Compliance was similar in both groups with subjects on peanut SLIT taking 95.4% of doses and those on placebo taking 93.8% of doses. Symptoms were reported with 11.5% of peanut doses and 8.6% of placebo doses (Table II). The majority of reactions for those on peanut were transient oropharyngeal itching (9.3%) whereas skin itching was most common for those on placebo (6.5%). Of the 4182 active peanut doses, 11 (0.26%) home doses required treatment with an antihistamine. One home dose (0.02%) also required albuterol for mild wheezing. No placebo doses required antihistamine or albuterol treatment and no epinephrine was required for any doses during the study. The symptoms that necessitated treatment included lip swelling, throat itching, finger swelling, itchy skin, and one episode of wheezing.
At the time of the interim analysis, eighteen enrolled subjects completed the 2500 mg peanut protein DBPCFC after 12 months of SLIT (Figure 1A). The 11 subjects randomized to active peanut SLIT treatment safely ingested a median cumulative dose of 1710 mg of peanut protein compared to the 7 subjects on placebo who ingested a median cumulative dose of 85 mg [p=0.011]. A modest but significant association (r2=0.38, p=0.043) was found between the outcome of the DBPCFC and the level of peanut-specific IgE obtained on the day of challenge (Figure 1B). No association was found between DBPCFC outcome and the peanut SPT, peanut-specific IgG4, or basophil responsiveness from the day of challenge.
Titrated skin prick testing (SPT) to peanut was not statistically different between the groups at baseline with a median wheal size of 9 mm (range 4.5 – 16 mm) in the active group and 5.5 mm (range 2.5 – 9 mm) in the placebo group. After 12 months, SPT in the active treatment group was significantly smaller than in the placebo group [p=0.020] with a median wheal size of 4 mm (range 0 – 11 mm) in the active treatment group and 11.5 mm (range 3.5 – 21 mm) in the placebo group (Figure 2). The increase in median wheal size for the placebo group from baseline to 12 months was not significant.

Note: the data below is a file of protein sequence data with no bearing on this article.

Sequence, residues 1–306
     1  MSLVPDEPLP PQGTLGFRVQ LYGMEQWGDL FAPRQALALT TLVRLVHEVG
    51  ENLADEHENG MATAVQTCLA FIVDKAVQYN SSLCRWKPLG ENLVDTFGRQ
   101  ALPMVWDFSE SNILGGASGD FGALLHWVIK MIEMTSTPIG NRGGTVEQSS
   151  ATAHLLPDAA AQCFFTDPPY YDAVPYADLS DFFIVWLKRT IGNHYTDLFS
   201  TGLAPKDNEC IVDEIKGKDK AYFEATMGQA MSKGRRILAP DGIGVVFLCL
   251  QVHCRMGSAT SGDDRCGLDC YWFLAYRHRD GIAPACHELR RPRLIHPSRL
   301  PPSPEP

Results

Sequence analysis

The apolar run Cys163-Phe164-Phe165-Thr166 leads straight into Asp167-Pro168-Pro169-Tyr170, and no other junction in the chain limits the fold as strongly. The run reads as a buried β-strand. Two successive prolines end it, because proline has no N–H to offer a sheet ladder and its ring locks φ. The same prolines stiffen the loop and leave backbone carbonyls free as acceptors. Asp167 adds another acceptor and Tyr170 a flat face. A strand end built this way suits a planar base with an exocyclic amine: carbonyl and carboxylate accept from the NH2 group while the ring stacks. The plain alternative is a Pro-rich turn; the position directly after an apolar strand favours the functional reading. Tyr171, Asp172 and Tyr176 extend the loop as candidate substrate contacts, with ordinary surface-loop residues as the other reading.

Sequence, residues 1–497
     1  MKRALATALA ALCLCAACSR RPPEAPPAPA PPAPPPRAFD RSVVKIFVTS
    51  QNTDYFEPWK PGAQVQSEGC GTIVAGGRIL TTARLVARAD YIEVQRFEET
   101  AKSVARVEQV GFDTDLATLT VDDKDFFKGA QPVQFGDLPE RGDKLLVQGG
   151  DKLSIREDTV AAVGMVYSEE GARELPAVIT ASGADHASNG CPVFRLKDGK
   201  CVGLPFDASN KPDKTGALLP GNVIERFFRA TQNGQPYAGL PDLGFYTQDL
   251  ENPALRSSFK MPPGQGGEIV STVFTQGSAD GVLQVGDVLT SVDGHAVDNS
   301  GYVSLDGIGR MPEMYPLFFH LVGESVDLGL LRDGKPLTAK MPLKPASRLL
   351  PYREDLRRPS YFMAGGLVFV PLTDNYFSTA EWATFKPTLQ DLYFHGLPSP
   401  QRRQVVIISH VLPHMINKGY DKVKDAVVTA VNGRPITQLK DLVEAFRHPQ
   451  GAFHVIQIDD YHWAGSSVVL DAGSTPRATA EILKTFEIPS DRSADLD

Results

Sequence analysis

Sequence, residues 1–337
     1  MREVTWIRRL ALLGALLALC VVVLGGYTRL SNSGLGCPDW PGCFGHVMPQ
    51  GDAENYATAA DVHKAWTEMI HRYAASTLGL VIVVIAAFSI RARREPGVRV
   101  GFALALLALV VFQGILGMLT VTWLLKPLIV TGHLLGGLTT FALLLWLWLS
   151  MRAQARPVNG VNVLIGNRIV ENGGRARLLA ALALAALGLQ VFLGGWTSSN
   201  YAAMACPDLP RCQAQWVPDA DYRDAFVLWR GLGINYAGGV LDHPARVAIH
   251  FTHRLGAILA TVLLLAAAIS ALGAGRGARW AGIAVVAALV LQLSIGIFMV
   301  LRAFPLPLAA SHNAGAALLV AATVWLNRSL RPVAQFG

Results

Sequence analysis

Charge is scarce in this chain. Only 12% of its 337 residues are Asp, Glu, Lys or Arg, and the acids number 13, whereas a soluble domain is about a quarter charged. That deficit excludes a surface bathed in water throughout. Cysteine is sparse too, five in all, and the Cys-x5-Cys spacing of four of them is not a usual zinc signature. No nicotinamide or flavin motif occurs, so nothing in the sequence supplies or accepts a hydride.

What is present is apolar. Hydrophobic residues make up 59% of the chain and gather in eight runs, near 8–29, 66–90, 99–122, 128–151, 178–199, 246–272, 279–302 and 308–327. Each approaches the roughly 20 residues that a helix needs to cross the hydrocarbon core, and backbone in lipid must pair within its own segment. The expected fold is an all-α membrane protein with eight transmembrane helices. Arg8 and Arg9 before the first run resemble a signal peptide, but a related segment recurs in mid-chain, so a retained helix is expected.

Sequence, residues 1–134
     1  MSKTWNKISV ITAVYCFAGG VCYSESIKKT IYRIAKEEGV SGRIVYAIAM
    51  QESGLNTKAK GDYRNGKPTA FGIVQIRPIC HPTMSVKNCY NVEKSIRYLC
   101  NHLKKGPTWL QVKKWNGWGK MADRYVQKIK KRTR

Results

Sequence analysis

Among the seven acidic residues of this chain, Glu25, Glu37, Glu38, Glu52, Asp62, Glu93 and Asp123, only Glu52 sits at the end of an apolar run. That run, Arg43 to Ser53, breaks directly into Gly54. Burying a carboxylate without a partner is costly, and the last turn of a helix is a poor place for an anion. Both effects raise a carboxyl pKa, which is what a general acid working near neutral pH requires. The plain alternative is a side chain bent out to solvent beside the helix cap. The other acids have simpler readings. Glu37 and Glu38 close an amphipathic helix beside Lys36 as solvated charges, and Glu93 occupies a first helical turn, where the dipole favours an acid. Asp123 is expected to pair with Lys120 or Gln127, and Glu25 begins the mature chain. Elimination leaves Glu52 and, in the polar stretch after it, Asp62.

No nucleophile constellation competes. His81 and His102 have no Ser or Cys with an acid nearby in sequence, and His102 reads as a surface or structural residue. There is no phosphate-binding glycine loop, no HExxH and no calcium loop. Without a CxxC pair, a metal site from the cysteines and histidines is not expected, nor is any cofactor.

6 treatment and 5 placebo subjects had both baseline and 12 month measurements available for analysis of basophil activation (Figure 3). There was no statistical difference in the percentage of CD63+ basophils at baseline between active treatment and placebo when stimulated with 100 mcg/ml, 10−1 mcg/ml, 10−2 mcg/ml, and 10−3 mcg/ml of crude peanut extract. After 12 months, a significantly lower percentage of CD63+ basophils was found in the active treatment group compared to placebo when stimulated with 10−2 mcg/ml and 10−3 mcg/ml of crude peanut extract [p=0.009, p=0.009]. No difference was seen between the groups after stimulation with 100 and 10−1 mcg/ml of crude peanut extract.
Baseline peanut-specific IgE was not statistically different between the groups with a median level of 33.5 kU/L (range 8.5 – 1260 kU/L) in the active treatment group and 31.1 kU/L (range 15 – 639 kU/L) in the placebo group. During the initial 4 months of SLIT, peanut-specific IgE in the active treatment group increased significantly compared to placebo [p=0.002] up to a median level of 118.5 kU/L. Over the subsequent 8 months of the study, peanut-specific IgE in the active treatment group decreased significantly compared to placebo [p=0.003] to a median level of 31.4 kU/L (Figure 4A). There was no difference in peanut-specific IgG4 between the groups at baseline with levels of 0.3 mg/L (range 0.1 – 0.6 mg/L) and 0.2 mg/L (range 0.05 – 0.55 mg/L) in the active treatment and placebo groups respectively. After 12 months, peanut-specific IgG4 was significantly higher in the active treatment group with a level of 1.12 mg/L (range 0.1 – 22 mg/L) compared to placebo [p=0.014] which remained virtually unchanged at 0.09 mg/L (range 0.04 – 0.94 mg/L) (Figure 4B).